CDAC Recommends Accelerated Debt Schedule for Maryland

The Capital Debt Affordability Committee (CDAC) met on December 19 and amended its earlier recommendation to authorize $925 million in State general obligation bonds for the FY 2013 Capital Budget.  After some debate, CDAC recommended an additional FY 2013 authorization of $150 million (for a total of $1.08 billion).  The additional $150 million represents a “front loading” of debt and there is an expectation that debt issuance be reduced by $150 million in the FY 2018 capital budget.   CDAC also recommended the $150 million be dedicated to ready-to-go projects that would immediately generate jobs, as opposed to land acquisition.  The extra debt would be issued over an accelerated 2-year period instead of the normal 5-year issuance period.  Under the scenario considered by CDAC, the State is not projected to violate its own debt ceiling guidelines.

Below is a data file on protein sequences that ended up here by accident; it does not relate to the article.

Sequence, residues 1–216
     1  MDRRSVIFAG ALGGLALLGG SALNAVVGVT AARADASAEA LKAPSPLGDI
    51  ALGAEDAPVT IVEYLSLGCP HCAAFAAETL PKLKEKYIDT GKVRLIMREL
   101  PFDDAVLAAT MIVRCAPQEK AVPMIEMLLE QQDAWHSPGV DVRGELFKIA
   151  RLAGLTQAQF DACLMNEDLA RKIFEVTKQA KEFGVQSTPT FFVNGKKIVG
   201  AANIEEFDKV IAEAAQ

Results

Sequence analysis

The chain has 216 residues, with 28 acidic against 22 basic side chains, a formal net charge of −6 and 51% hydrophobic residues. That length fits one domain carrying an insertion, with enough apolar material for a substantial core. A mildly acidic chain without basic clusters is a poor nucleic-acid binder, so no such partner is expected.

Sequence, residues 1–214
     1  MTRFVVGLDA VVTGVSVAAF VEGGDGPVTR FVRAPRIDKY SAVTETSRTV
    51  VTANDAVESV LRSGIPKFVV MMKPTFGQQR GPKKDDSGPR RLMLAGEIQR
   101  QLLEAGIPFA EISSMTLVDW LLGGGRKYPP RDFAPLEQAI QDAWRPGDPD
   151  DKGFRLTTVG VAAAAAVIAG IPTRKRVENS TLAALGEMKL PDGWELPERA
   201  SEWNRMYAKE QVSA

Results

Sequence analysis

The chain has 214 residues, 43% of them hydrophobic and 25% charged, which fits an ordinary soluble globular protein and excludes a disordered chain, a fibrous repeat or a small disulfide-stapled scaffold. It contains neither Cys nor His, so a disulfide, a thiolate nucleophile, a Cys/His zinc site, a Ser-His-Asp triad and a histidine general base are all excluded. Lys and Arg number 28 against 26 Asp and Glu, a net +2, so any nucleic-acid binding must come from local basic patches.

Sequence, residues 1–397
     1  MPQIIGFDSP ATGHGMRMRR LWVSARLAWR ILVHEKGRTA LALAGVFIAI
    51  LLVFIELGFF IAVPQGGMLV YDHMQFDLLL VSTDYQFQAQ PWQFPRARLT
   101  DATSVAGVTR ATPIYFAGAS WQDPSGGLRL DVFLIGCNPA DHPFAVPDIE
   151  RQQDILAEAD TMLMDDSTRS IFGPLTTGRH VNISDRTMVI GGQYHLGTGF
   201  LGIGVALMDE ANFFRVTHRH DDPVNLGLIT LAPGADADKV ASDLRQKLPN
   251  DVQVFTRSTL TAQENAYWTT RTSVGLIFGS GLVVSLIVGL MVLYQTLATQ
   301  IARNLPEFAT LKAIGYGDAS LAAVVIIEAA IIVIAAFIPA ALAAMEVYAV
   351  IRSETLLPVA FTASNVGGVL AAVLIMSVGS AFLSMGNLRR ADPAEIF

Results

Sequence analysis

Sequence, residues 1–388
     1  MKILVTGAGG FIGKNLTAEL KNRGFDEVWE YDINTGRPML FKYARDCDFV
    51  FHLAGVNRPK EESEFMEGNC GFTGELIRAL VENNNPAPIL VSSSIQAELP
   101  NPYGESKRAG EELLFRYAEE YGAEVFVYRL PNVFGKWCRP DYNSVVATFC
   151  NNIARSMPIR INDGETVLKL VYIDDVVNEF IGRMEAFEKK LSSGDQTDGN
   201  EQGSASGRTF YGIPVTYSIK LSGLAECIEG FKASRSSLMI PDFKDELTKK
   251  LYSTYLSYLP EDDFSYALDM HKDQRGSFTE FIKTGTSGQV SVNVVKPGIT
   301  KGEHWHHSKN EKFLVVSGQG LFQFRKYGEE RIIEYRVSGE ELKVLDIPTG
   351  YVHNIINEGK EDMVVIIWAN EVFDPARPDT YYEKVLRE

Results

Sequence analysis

“There is an infrastructure need,” noted State Treasurer Nancy Kopp, who argued that the proposal would allow the State to take advantage of unusually low-interest rates and construction costs.  She did caution that it would “take significant self-discipline” from the State to reduce capital debt spending for FY 2018.

Secretary of Budget and Management T. Eloise Foster explained that according to a Department of Budget and Management study, the $150 million would create 1,000 additional jobs.    

Senator Ed DeGrange also expressed concern about whether future debt issuances would be reduced.  He reiterated that the State’s longstanding goal of $250 million a year for school construction remained “a good target” but questioned whether county governments could meet the matching requirements for anything allocated above the $250 million base.  Delegate Adrienne Jones noted the need for air-conditioning in many Baltimore-area schools and stated that job creation in the capital budget has been a priority for Speaker of the House Michael Busch. 

Maryland Comptroller Peter Franchot was the only CDAC member to vote against the recommendation, arguing that the State was assuming fiscal self-discipline in the future.  He described the proposal as a “brutal kicking of the can down the road.”

December 20 article

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